J. C. S. Files

No. 1288
Memorandum by the United States Chiefs of Staff1
top secret
C. C. S. 895

Participation of Two French Colonial Infantry Divisions in Far Eastern Operations

There are attached (Enclosure “A”) a memorandum in which the French propose to place a French corps of two infantry divisions under American command in the Pacific war and (Enclosure “B”) a reply proposed by the United States Chiefs of Staff. Since the British Chiefs of Staff may have views as to the areas in which these French troops should be employed, though perhaps not under United States command, their comment or concurrence is requested. General MacArthur proposes, if the French corps is assigned to him, to use it in the main effort against Japan in late spring of 1946.

[Page 1342]
[Enclosure A]
The Chief of the French Military Mission in the United States (Brossin de Saint Didier) to the Chief of Staff, United States Army (Marshall)
top secret
No. 432/EM

Memorandum for General George C. Marshall

Subject: French participation in Far Eastern operations

During conversations between President Truman and Mr. Bidault, Minister of Foreign Affairs of the French Provisional Government,2 on the one hand, and President Truman, General Marshall and General Juin on the other, the principle of a French participation in the war against Japan was viewed favorably.

Following these conversations, the French Government puts at the entire disposal of the American command, for operations in the Far East, an army corps comprising two divisions, besides corps-supporting and service units.

This army corps should include:—

1) The 9th Colonial Infantry Division, already well trained, having taken a brilliant part in the French and German campaigns.

In order to be able to operate in the Pacific war zone, this division would only require certain transfers of personnel (replacement by volunteers of men unfit for overseas duty).

The above will be ready to be shipped by the end of June.

It seems advisable that the 9th Division receive its equipment in the theater of operations.

2) The 1st Colonial Infantry Division of the Far East, planned several months ago. This division, whose colored troops will be replaced by trained European volunteers, from the French 1st Army, will be ready by the end of July, provided it receives its equipment on time.

It is to be expected that the latter unit, in view of the previous training of its personnel, will be ready for combat duty a month after receipt of its equipment.

To save time, immediate delivery of its equipment is therefore suggested.

In case the above is delivered only in the theater of operations, a corresponding delay would be needed by the 1st Division, from the time of receipt of its equipment, to participate in actual combat.

3) Supporting units and services of the army corps would also be ready by the end of July. Details of its equipping will have to be worked out in accord with the American command.

This army corps being put at the entire disposal of the American command, it seems logical to the French General Staff to give its units [Page 1343] an organization similar to that of corresponding American units in the Far East.

It is therefore requested, in regard to divisions as well as to supporting army corps units and services, that the types of units to be organized, be exactly defined.

It is finally suggested, in order to facilitate further negotiations, that Supreme Headquarters, Allied Expeditionary Force, be authorized to deal directly with the French command in what concerns details of the matters herewith referred to.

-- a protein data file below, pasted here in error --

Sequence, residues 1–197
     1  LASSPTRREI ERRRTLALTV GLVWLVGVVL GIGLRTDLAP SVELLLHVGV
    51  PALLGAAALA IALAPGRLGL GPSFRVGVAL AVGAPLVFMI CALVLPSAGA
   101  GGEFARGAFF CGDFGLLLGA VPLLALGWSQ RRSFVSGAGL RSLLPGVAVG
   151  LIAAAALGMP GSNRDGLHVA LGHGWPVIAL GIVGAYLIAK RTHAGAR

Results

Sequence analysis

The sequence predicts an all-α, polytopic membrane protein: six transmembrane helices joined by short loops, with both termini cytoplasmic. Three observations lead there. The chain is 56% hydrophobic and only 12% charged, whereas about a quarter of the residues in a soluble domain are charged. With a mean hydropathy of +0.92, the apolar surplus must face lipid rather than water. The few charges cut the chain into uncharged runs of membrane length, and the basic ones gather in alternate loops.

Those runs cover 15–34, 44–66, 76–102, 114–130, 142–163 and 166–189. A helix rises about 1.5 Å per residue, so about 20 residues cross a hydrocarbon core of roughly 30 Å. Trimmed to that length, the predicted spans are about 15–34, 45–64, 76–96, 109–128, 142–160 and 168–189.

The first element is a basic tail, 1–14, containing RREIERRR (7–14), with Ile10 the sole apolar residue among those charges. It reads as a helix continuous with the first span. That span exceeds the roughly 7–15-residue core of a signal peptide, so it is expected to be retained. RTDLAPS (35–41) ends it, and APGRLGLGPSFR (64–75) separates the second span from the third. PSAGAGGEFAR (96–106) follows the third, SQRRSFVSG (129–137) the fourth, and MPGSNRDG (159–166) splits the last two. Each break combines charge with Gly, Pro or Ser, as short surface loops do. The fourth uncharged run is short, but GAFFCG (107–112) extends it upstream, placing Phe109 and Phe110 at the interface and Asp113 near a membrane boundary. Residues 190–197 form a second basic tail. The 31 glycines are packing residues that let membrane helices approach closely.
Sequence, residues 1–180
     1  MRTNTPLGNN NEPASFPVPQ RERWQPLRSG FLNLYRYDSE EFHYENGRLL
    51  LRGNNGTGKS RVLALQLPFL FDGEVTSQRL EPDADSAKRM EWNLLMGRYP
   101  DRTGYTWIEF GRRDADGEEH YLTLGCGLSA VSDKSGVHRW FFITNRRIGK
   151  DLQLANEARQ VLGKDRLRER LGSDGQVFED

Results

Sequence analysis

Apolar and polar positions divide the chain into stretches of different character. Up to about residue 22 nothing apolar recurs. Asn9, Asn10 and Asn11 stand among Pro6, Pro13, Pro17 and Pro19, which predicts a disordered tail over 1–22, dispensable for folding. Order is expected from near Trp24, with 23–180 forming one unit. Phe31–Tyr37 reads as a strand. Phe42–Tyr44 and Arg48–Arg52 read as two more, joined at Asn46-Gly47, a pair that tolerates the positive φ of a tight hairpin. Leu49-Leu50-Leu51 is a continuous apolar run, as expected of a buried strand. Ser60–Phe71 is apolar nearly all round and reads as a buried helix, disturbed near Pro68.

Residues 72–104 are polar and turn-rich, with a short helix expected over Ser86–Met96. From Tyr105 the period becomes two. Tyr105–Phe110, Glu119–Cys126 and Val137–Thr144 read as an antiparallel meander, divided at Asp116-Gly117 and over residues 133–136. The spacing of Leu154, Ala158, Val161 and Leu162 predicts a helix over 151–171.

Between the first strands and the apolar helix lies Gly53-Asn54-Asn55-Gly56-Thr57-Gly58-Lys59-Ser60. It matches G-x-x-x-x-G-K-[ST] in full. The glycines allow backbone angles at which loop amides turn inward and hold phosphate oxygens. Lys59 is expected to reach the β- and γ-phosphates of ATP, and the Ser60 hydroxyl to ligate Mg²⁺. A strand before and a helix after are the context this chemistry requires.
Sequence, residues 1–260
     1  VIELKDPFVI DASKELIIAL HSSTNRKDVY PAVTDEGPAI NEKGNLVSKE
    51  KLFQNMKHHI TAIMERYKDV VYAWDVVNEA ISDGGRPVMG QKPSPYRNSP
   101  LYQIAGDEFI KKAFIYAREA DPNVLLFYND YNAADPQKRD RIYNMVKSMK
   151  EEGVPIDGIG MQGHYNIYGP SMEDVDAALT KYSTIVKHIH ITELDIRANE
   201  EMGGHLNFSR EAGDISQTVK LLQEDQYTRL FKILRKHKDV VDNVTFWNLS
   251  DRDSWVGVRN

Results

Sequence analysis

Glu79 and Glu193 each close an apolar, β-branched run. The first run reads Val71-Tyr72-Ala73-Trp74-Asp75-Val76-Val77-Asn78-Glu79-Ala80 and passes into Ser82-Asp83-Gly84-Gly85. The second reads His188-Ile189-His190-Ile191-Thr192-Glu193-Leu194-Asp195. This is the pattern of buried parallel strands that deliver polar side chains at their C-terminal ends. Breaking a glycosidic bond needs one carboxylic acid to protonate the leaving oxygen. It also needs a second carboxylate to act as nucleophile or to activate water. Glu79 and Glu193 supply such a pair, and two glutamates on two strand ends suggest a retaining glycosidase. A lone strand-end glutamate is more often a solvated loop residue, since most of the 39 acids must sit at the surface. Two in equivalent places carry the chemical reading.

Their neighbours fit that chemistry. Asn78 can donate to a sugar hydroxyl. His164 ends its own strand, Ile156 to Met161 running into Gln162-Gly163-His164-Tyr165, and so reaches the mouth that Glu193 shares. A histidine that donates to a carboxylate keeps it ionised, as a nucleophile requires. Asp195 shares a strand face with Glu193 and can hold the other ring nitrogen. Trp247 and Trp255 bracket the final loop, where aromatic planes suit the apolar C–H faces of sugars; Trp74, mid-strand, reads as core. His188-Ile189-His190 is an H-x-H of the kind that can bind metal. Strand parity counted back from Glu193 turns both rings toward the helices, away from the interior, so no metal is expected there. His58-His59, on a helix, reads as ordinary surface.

A. M. Brossin de Saint Didier
[Enclosure B]
top secret


Memorandum for the Chief of the French Military Mission to the United States

With reference to your memorandum of 29 May 19453 addressed to the Chief of Staff, U. S. Army, the United States Chiefs of Staff accept in principle that portion of your proposal whereby the French Government puts at the entire disposal of the American command a French army corps of two infantry divisions, with corps-supporting and service units on the U. S. scale, for operations in the war against Japan. This acceptance in principle is with the understanding that the agreement on this matter with the French Government will include the following provisions:—
This French corps will be, both during the period of hostilities and in the post-hostilities readjustment period until released by the United States, subject to the complete command and control of the United States command in the same manner as a U. S. army corps.
Movement of the corps from France will be contingent upon the French corps having, in the opinion of the United States command, a combat efficiency based on United States standards.
Assurance that adequate trained replacements will be provided by the French Government as necessary.
Maximum use will be made of equipment provided under the North African and Metropolitan Rearmament Programs.
The implementation of this agreement including matters such as accompanying supporting and service units, provisions for equipment, and the planning and timing for the movement and employment of the corps will be in accordance with plans and arrangements to be determined by the United States military authorities who will deal directly with the French military authorities.
Pressing requirements for operations in the Pacific during the coming months make certain that it will not be possible to move this corps from France for at least several months after the dates you suggest, and it appears unlikely that this corps will be committed to operations prior to the spring of 1946.
The United States Chiefs of Staff will advise you further in this matter subsequent to the conclusion of a governmental agreement.
  1. Considered by the Combined Chiefs of Staff at their 196th Meeting, July 19. See ante, p. 113.
  2. See Department of State Bulletin, vol. xii, p. 927.
  3. Enclosure A, supra.